If you have an interest in learning how to write good Unit Tests for iOS and Mac application development, check it out. The tutorial can be found here.

And thanks again to everyone that provides feedback on my tutorials. I’m especially curious about how folks stumble upon or find them since I make no special effort to market the material.

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An iOS tutorial on writing unit tests with Xcode 5

Posted by steve | Apple Software and Hardware | Friday 24 January 2014 2:59 pm

I recently took a few moments and cobbled together a “workflow” tutorial that shows how to use Xcode 5 to write Unit Tests. Apple has done an excellent job in integrating Unit Testing into their iOS and Mac developer IDE. I wanted to write an introductory tutorial that walks through how you write these kinds of tests with this environment.

Here is the new tutorial.

I’ll probably push out updates with typo corrections and maybe some added goodies over the next few days.

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Apple’s 50 Billion App Downloads Counter

Posted by steve | Apple Software and Hardware | Sunday 5 May 2013 1:50 pm

Apple has a promotion going on to celebrate the on-going success of the iOS App Store. They are approaching 50 billion downloads and intend to give a pretty substantial award to the person purchasing the 50 billionth app.

By itself, that’s pretty remarkable how well this new digital distribution of software is working. Here’s the countdown counter: 50 Billion Downloads Counter

But what just amazes me is the sheer scale of what we are seeing. That counter seems to be indicating that they are distributing about 1000 Apps per second.

As an iOS developer that’s pretty amazing to see and exciting to be a part of. I realize that “downloads” does not equal “sales” since quite a few Apps in the App Store are free, but still, that’s a lot of people using their iPhones and iPads accessing the Store for something to download.

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MacBook Pro died

Posted by steve | Apple Software and Hardware,General Commentary | Thursday 19 July 2012 7:34 am

The apple notebook computer I use for developing iOS software had some kind of graphics and network failure a few days ago. I was just in the process of installing the latest iOS SDK beta when the display changed to a repeating pattern of tiny splats of color. And for some reason the network capability, at least the wireless 802.11n, also failed. The system thinks there is no more wireless hardware installed. Very strange.

I shouldn’t complain much. The computer was one of the first Intel MacBook Pro models and is about 6 years old. There’s consistently been an issue where the computer ran unreasonably hot and I guess that is what eventually led to failure. The hard drive in the computer was upgraded to a 750GB capacity internal drive about 18 months ago and I will obviously want to extract the drive and install it in an external enclosure. But I’ve tried a number of troubleshooting techniques and diagnostic runs and it appears to be a pretty messy problem to resolve. It also appears to be a real hardware problem, not software.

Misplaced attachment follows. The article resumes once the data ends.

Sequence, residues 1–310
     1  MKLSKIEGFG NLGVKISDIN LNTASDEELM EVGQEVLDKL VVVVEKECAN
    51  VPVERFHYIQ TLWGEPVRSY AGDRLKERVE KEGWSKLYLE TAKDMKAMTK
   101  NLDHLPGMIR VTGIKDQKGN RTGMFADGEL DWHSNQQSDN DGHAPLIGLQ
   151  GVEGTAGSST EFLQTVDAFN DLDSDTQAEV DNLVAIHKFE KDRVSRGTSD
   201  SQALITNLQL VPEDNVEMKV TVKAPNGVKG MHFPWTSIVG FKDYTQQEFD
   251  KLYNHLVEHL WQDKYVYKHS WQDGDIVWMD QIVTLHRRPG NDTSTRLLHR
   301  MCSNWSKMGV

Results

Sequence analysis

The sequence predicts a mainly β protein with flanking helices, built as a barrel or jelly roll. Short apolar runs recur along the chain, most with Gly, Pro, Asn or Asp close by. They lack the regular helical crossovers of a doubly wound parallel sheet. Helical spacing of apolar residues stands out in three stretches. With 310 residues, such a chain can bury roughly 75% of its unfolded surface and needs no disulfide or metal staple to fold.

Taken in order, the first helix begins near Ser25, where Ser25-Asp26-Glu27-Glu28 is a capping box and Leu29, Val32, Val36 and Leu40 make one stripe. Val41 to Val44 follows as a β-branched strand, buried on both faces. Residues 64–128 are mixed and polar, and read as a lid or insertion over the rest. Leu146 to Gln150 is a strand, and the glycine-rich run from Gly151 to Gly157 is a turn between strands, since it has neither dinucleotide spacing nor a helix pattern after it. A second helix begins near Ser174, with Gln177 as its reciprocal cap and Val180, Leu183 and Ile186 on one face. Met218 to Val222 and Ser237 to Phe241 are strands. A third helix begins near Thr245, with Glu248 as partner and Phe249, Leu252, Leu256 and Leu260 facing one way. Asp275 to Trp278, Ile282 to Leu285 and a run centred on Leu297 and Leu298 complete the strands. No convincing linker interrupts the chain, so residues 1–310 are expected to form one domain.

I’ve looked, using my trusty iPad, at used models and it looks like the least expensive resolution is to purchase an identical 6-year old model for between $350 and $600. It may also be possible to get it repaired and I need to write to one of those Mac repair sites for an estimate.

It’s weird. When your “daily driver” computer fails, it can be really disruptive in your life. I never realized how much the use of the computer, especially programming activities, are part of my regular day. The only thing that has kept this issue from being a high priority for me right now, I think, is that that I’m currently on vacation from work and enjoying playing board games with my friends and family for quite a bit these past few days.

My usual routine of getting up early and coding some iOS software before everyone else gets up has been disrupted. I seem to get this unbalanced feeling for most of the morning these past few days and I think it is my mind being confused about not doing any coding in the morning.

Oh well. I do seem to have more time for reading and writing Blog posts right now.

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Laser Table Game on the App Store

Posted by steve | Apple Software and Hardware,Mobile Phones,Smalltalk | Monday 4 July 2011 10:10 am

I decided last Fall to take a crack at writing an App for the iPhone and iPad to be included in the App Store. Using my Laser Game published as a tutorial for Squeak as a starting point, I rewrote the App using Objective-C. The idea was to keep as much of the initial design and Smalltalk object models as possible.